Mexico has issued an alert for parts of its Pacific seaboard as it prepares for the "life-threatening" Hurricane Willa.
Willa is expected to make landfall on Mexico's south-western coast on Tuesday and is "potentially catastrophic", the National Hurricane Center (NHC) warned.
Currently a Category Four - out of five - storm, it threatens to bring torrential rains and major flooding, according to a BBC report Tuesday.
Earlier this month areas of the US were devastated by Hurricane Michael, which left at least 27 people dead.
Willa is expected to deliver rainfall of up to 46cm (18in) along parts of south-west Mexico, the NHC said on Monday, as it reported that the storm was carrying winds of 250km/h (155mph).
"This rainfall will cause life-threatening flash flooding and landslides," it added.
The NHC said "an extremely dangerous storm surge" was also likely to affect coastal areas by Tuesday evening, adding that rain and strong winds would be accompanied by "large destructive waves".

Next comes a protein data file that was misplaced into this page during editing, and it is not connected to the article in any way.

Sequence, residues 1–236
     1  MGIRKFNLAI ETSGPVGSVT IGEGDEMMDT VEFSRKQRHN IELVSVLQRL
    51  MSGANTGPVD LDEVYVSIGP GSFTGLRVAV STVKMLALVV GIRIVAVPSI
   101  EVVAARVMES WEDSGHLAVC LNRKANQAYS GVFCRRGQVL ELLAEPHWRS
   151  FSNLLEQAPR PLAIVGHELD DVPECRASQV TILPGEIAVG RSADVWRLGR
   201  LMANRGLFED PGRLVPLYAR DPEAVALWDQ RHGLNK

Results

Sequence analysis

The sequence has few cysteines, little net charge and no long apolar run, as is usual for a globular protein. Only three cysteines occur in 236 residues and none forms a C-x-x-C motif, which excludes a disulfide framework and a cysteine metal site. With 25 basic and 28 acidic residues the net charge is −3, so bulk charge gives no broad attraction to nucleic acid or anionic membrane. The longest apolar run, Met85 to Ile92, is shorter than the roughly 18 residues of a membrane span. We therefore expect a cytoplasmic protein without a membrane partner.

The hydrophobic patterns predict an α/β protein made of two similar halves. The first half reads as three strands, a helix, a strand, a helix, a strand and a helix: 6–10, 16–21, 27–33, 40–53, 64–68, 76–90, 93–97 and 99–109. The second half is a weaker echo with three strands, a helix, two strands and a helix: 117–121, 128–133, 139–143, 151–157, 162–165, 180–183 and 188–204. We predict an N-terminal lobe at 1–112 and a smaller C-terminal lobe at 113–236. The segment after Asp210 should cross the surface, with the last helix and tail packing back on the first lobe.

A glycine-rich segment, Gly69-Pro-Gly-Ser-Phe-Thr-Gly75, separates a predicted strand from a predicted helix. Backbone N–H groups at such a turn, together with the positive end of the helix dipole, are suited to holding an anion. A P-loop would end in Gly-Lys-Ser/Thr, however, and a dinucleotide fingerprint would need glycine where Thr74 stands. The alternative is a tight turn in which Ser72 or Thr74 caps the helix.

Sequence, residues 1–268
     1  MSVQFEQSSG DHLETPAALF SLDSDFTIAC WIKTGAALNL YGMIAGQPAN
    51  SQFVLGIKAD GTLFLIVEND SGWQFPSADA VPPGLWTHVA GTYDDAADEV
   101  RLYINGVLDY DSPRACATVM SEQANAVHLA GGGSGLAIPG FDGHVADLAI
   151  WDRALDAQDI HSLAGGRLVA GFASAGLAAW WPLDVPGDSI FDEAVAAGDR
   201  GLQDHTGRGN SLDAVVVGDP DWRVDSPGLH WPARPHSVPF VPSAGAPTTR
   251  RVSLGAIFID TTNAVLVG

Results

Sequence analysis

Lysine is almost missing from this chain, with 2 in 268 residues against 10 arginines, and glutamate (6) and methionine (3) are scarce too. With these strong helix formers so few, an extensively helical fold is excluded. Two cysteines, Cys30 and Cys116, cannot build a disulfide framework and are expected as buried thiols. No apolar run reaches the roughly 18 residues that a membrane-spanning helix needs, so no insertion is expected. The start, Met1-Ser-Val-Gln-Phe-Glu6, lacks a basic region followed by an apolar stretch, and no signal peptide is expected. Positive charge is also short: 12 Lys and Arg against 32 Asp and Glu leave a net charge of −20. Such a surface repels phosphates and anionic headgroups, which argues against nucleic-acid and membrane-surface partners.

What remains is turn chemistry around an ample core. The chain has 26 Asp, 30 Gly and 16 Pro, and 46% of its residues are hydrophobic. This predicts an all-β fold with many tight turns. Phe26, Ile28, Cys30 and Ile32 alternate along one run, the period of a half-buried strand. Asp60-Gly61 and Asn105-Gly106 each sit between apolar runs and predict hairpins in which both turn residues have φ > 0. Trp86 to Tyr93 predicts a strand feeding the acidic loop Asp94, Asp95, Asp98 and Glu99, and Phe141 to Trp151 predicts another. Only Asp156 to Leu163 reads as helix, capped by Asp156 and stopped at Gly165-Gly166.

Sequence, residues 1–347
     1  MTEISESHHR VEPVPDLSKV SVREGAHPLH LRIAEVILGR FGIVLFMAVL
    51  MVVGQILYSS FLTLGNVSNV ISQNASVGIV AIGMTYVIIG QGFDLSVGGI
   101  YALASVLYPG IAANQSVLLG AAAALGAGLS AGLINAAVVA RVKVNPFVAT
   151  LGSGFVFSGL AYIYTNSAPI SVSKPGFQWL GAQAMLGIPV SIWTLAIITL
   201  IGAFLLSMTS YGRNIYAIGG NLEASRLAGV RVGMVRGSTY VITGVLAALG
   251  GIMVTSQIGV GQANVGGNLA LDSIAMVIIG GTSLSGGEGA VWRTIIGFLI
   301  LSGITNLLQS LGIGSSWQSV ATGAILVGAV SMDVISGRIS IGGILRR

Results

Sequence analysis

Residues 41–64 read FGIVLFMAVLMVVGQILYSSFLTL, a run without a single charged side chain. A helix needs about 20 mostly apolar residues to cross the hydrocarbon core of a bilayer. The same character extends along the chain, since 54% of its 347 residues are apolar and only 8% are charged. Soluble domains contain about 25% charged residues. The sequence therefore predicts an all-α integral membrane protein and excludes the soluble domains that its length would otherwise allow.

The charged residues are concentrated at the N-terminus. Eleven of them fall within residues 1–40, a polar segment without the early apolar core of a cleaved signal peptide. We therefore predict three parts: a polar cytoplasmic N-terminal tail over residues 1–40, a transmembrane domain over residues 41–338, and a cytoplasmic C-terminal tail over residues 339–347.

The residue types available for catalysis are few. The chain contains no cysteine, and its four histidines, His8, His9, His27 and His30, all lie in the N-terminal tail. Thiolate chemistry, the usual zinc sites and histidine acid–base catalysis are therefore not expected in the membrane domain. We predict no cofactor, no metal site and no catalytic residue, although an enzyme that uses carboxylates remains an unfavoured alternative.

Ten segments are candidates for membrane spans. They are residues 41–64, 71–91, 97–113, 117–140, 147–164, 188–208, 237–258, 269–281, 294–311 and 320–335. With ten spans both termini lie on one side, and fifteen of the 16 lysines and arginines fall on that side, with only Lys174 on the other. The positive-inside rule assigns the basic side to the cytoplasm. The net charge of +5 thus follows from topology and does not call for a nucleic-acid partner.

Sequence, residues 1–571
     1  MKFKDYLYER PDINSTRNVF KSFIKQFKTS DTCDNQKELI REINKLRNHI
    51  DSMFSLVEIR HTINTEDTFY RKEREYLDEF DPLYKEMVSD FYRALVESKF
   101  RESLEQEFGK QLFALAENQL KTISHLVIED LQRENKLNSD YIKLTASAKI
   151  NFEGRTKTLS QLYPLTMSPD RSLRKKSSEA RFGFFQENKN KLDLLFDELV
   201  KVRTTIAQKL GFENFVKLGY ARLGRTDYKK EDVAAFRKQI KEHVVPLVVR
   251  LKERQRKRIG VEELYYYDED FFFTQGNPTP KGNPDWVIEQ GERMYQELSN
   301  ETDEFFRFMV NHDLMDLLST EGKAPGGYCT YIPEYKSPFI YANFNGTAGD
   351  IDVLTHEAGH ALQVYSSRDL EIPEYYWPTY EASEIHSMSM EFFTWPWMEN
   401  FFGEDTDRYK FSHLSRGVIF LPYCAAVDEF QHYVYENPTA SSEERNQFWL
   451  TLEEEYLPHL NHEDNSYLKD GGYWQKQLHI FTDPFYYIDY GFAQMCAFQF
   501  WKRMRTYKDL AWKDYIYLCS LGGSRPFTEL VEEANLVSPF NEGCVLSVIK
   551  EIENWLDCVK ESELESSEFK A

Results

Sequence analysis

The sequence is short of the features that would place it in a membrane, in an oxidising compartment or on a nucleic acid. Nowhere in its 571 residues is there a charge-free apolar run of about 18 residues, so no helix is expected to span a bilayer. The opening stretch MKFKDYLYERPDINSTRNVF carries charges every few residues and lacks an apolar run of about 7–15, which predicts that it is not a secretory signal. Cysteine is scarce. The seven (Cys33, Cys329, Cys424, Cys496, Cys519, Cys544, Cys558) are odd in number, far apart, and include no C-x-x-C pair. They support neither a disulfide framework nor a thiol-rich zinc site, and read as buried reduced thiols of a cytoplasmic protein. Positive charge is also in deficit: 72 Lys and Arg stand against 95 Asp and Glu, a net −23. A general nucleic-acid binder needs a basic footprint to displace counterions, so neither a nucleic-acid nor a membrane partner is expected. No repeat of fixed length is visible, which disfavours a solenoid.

A hurricane warning is in effect for areas including San Blas, on the Pacific coast, and the beach resort of Mazatlan.
The warning means that hurricane conditions are expected within the next 36 hours.
Hurricane Michael, which made landfall on 10 October, was the most powerful ever to hit north-west Florida, also bringing winds of 250km/h.
Residents of Mexico Beach, one of the worst areas affected, described the aftermath as a "war zone".